The downtown area displays a semi-arid climate (Köppen BSk), almost grading into an arid type. Grand Junction sits in a large area of high desert lands in Western Colorado. Winters are cold and dry, with a January mean temperature of 27.4 °F (−2.6 °C). Due to its location west of the Rockies, Grand Junction does not receive as much influence from the Chinook winds as locations in Colorado east of the Front Range, yet it does receive protection from the Arctic masses that can settle to the east of the Rockies. This is illustrated by the fact that from December to February, highs reach 50 °F (10 °C) only 18 days. Lows drop to 0 °F (−17.8 °C) or below on 2.9 nights per year. Snowfall is low compared to much of the rest of the state, averaging 19.1 inches (49 cm) per season; only once in the entire period of record dating to 1893, has observed 10 inches (25 cm) in a calendar day, though the median is 6.3 inches (16.0 cm), and moreover, snow cover is intermittent. Snow is greatest in December and January. Spring warming is gradual but quickens when nearing June; the average last freeze date is April 24. Summer is hot but dry, with a July mean temperature of 78.2 °F (25.7 °C). Grand Junction averages 64.5 days a year with temperatures at 90 °F (32 °C) or above, and an average 6.5 days attaining 100 °F (38 °C) or more. Autumn cooling is rapid, with the average first freeze date being October 15. The area receives little precipitation year-round, averaging 9.42 inches (239.3 mm), with no real seasonal spike. Sunshine hours are abundant, even in winter, and total just over 3200 hours per year, or 73% of the possible total.

Demographics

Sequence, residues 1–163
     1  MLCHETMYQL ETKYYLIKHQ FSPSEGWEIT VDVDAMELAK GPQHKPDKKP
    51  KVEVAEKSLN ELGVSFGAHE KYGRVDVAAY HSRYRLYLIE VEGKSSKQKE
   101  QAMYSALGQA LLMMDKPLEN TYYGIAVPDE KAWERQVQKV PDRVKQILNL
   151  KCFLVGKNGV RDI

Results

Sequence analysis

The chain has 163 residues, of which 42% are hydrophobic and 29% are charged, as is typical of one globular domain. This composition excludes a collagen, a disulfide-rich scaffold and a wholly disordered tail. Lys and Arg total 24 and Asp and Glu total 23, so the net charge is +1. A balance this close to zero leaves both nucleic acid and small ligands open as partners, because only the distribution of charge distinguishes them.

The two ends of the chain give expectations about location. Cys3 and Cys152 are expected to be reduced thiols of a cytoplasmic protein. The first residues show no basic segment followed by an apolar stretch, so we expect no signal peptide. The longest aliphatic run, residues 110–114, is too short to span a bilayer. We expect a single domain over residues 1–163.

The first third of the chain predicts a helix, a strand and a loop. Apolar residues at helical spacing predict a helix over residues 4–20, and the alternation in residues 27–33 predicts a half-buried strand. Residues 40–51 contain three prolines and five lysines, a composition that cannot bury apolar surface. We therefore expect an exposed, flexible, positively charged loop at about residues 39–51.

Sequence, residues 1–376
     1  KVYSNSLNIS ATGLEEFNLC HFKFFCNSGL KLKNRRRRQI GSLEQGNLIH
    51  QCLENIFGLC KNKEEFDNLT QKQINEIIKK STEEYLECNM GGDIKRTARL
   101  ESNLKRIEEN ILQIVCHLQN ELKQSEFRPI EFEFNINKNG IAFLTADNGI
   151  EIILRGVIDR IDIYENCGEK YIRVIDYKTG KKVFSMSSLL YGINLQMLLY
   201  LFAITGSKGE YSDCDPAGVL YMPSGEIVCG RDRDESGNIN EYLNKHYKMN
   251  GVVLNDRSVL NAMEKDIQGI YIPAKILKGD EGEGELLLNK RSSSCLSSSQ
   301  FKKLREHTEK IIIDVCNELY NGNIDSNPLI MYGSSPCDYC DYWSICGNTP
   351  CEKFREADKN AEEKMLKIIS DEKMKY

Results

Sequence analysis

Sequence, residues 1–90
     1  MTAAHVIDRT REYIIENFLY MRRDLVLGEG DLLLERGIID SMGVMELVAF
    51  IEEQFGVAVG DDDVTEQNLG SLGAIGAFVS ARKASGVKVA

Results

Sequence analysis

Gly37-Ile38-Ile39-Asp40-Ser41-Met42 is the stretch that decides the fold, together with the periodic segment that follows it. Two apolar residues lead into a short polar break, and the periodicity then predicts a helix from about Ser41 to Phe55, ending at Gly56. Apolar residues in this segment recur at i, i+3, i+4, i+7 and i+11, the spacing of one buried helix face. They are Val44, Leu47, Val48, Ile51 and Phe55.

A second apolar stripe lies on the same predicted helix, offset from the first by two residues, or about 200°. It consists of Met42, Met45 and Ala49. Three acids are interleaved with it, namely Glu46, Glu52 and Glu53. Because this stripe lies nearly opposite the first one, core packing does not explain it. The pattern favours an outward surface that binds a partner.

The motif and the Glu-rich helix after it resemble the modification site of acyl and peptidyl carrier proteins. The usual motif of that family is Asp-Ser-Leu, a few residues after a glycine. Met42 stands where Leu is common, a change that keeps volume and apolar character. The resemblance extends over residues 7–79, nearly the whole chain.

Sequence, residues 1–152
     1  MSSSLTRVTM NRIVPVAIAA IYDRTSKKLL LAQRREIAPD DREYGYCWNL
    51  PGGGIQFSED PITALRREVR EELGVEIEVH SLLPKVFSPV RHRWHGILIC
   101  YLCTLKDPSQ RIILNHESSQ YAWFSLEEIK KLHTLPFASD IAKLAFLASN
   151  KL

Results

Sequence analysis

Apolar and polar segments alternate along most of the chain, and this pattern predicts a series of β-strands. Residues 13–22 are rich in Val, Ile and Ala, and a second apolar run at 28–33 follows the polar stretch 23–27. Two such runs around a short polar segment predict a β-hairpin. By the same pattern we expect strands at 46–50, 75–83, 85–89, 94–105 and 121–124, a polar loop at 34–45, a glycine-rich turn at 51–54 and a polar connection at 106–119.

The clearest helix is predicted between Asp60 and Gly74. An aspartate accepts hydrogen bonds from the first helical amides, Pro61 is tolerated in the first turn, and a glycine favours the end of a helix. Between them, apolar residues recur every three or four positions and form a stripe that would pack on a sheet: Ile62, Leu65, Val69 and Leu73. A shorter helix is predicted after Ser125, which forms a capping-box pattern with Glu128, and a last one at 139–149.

Historical population
Census Pop.
1890 2,030
1900 3,503 72.6%
1910 7,754 121.4%
1920 8,665 11.7%
1930 10,247 18.3%
1940 12,479 21.8%
1950 14,504 16.2%
1960 18,694 28.9%
1970 20,170 7.9%
1980 27,956 38.6%
1990 29,034 3.9%
2000 41,986 44.6%
2010 58,566 39.5%
2020 65,560 11.9%
U.S. Decennial Census

Grand Junction is the principal city of the Grand Junction, CO Metropolitan Statistical Area.

As of the census of 2000, there were 41,986 people, 17,865 households, and 10,540 families residing in the city. The population density was 1,362.6 people per square mile (526.2/km2). There were 18,784 housing units at an average density of 609.6 per square mile (235.4/km2). The racial makeup of the city was 91.78% White, 0.60% African American, 0.94% Native American, 0.76% Asian, 0.12% Pacific Islander, 3.81% from other races, and 1.99% from two or more races. Hispanic or Latino of any race were 10.86% of the population.

There were 17,865 households, out of which 25.5% had children under the age of 18 living with them, 46.1% were married couples living together, 9.4% had a female householder with no husband present, and 41.0% were non-families. Of all households 33.2% were made up of individuals, and 13.8% had one living alone who was 65 years of age or older. The average household size was 2.23 and the average family size was 2.84.

In the city, the population was spread out, with 21.2% under the age of 18, 11.9% from 18 to 24, 26.3% from 25 to 44, 22.8% from 45 to 64, and 17.9% who were 65 years of age or older. The median age was 39 years. For every 100 females, there were 95.1 males. For every 100 females age 18 and over, there were 92.6 males.